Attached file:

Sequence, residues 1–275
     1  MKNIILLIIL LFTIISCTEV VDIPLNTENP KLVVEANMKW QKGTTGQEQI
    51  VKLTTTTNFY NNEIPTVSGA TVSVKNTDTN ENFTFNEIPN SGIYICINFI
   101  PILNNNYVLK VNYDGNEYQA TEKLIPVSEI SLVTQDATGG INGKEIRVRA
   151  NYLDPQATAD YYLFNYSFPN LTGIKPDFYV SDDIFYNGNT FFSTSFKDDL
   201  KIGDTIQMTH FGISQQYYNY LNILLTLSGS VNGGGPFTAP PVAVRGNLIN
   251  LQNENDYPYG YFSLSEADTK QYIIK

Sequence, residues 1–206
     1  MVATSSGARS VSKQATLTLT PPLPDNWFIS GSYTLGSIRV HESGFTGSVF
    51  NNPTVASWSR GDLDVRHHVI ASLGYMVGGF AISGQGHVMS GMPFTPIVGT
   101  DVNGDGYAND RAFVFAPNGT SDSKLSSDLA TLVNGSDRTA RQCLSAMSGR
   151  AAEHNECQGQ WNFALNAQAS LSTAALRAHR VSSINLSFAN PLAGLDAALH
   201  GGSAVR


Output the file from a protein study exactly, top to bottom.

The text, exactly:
Sequence, residues 1–275
     1  MKNIILLIIL LFTIISCTEV VDIPLNTENP KLVVEANMKW QKGTTGQEQI
    51  VKLTTTTNFY NNEIPTVSGA TVSVKNTDTN ENFTFNEIPN SGIYICINFI
   101  PILNNNYVLK VNYDGNEYQA TEKLIPVSEI SLVTQDATGG INGKEIRVRA
   151  NYLDPQATAD YYLFNYSFPN LTGIKPDFYV SDDIFYNGNT FFSTSFKDDL
   201  KIGDTIQMTH FGISQQYYNY LNILLTLSGS VNGGGPFTAP PVAVRGNLIN
   251  LQNENDYPYG YFSLSEADTK QYIIK

Sequence, residues 1–206
     1  MVATSSGARS VSKQATLTLT PPLPDNWFIS GSYTLGSIRV HESGFTGSVF
    51  NNPTVASWSR GDLDVRHHVI ASLGYMVGGF AISGQGHVMS GMPFTPIVGT
   101  DVNGDGYAND RAFVFAPNGT SDSKLSSDLA TLVNGSDRTA RQCLSAMSGR
   151  AAEHNECQGQ WNFALNAQAS LSTAALRAHR VSSINLSFAN PLAGLDAALH
   201  GGSAVR